Pro WPF in C# 2008: Windows Presentation Foundation with .NET 3.5 2nd Edition
Pro WPF in C# 2008: Windows Presentation Foundation with .NET 3.5 2nd Edition

Author: Matthew MacDonald
Publisher: Apress, 2008
Pages: 1040
ISBN: 978-1590599556
Aimed at: Experienced .NET developers moving to WPF
Rating: 4.5
Pros: Broad coverage of WPF; good depth in places
Cons: Only minor niggles
Reviewed by: Sue Gee

 

For the updated .NET 3.5 edition of his WPF tome MacDonald has produced two, essentially parallel, books - one on C#, the other on VB. There is one completely new chapter - Chapter 26:Multithreading and Add-Ins which covers the Dispatcher, the DispatcherObject and the BackgroundWorker and the Add-in pipeline.

Dave Wheeler reviewed the predecessor of this book as follows:

This is no lightweight, coming in at nearly 1000 densely packed pages. It has comprehensive coverage of WPF, ranging from XAML to 3D, and on the whole the book feels (in more sense than one) solid. All the major topic areas are covered, but like every other WPF book it has strengths and weaknesses, and occasionally the odd minor technical niggle, which means that this book alone is probably not going to be enough for the hardcore WPF developer.
The book is logically arranged, with clear examples, and assumes from the get-go that you will be working with a combination of XAML and code. You can certainly read it from end to end, but it’s also excellent for dipping into from time to time. The code samples and links described in the book are all available online.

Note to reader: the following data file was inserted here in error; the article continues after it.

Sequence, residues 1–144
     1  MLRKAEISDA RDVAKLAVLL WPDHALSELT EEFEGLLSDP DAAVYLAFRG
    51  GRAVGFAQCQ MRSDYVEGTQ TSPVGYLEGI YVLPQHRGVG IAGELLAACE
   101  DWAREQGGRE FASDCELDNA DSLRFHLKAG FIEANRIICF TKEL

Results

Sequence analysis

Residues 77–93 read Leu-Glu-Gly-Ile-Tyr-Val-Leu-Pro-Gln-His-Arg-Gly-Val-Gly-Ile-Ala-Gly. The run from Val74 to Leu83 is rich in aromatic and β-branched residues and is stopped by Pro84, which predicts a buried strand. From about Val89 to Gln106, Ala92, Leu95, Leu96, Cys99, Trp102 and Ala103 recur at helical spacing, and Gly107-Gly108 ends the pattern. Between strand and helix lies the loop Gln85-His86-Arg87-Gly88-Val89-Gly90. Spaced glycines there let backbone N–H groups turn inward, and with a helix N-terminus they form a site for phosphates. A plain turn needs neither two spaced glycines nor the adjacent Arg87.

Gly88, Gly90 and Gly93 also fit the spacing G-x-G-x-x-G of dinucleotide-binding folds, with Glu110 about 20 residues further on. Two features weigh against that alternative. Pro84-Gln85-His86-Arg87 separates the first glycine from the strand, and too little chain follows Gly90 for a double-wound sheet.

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Learning SPARQL

Author: Bob DuCharme
Publisher: O'Reilly
Pages: 386
ISBN: 978-1449371432
Aimed at: developers who want to learn SPARQL
Rating: 4.5
Reviewed by: Kay Ewbank

SPARQL is a technology that’s more important than you may realize, making this book equally important.



Metaskills, Five Talents for the Robotic Age

Author: Marty Neumeier
Publisher: New Riders
Pages: 320
ISBN: 978-0321898678
Audience: General
Rating: 3.
Reviewed by: Kay Ewbank

The back jacket of this book has the strapline “Help! A robot ate my job!”, and Neumeier’s idea that he wants to get across is that current employment problems aren’t  [ ... ]


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